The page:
We've All Been to Club Q Before
What to consider when violence breaks through.
As you probably know by now, on Saturday night in Colorado Springs, a number of queer people and their straight friends went to Club Q. A number of them didn’t make it home and the ones who did will never be the same, which is a cliché way to describe a fucking horrible event that has become an American cliché in itself.
It’s painful to see the photos and to read the quotes of people who lost friends, people trying to navigate and come to terms with the chaos and horror of the moment in real time. “I always felt protected there, no matter what,” one 18-year-old drag performer told the press.
It’s a feeling we all know. It’s why gay bars exist. To understand the pain of this for queer people is to know the history of the gay bar itself. They’re built out of necessity, a place hidden from view, behind closed doors, where people can be themselves and connect with one another, protected from the violence of the outside world. It’s a space where we can finally practice self-acceptance. The censoring we taught ourselves to survive and practice in the outside world – at work, on our commutes, with our friends, whatever – can erase with the thrill of a welcoming flag and a disco beat.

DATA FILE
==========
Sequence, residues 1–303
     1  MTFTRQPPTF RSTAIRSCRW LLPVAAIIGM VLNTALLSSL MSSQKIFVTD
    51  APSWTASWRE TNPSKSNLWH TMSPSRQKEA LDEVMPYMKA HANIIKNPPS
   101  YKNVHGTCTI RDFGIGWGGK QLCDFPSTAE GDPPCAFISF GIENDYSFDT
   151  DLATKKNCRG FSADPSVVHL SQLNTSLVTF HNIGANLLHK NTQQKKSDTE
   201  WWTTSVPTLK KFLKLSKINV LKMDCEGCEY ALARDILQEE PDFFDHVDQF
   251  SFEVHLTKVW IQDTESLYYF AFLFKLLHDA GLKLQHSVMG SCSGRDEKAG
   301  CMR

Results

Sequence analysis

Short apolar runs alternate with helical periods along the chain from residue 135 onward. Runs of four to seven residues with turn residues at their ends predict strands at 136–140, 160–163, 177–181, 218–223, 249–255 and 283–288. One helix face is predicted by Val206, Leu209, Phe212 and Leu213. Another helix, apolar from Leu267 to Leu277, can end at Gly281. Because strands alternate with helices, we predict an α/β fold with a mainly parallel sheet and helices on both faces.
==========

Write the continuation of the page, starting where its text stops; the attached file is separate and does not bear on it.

The gay bar itself is struggling in the era of dating apps and smartphones. People don’t need to depend on these places to meet, per se, but of course these spaces are still relevant and needed. It’s why Club Q was targeted in the first place. It posed a threat. For people like the gunman, it’s not enough for queer people to stay in the closet; these people want to erase our very existence.
Whenever these shootings happen – as they stupidly keep doing – I always think of the moments right before the gun goes off, the moments that feel so familiar. So of course I’ve been thinking about: Waiting in line in the cold, without a jacket because you don’t want to pay for coat check. Leaning against the bar and screaming to your friend three people back, asking what they want. Hoping they play whatever song. Laughing, always laughing.
I look toward those moments before the gunman crashes into view because that moment, and everything after, is so hard to fathom. I try to make the horror more relatable and more real, but it still boggles the mind.
I was doing this yesterday morning, grappling with the magnitude of the event, while I was reading the news on my phone in a Lyft. In an eerie moment, I realized that the morning after the Pulse shooting, I was doing the same thing, taking the same route. I had spent the night as a houseguest in the apartment where I currently live. (Our friend is our current landlord; I had had too much wine and fell asleep.) The next morning, Brad was texting me from New York about the Pulse shooting. This really is insane, he wrote. I read the news on my phone, headed across the city in a Lyft, trying to piece together the weight of what happened.
It felt like déjà vu. The disgrace is that’s exactly what it was.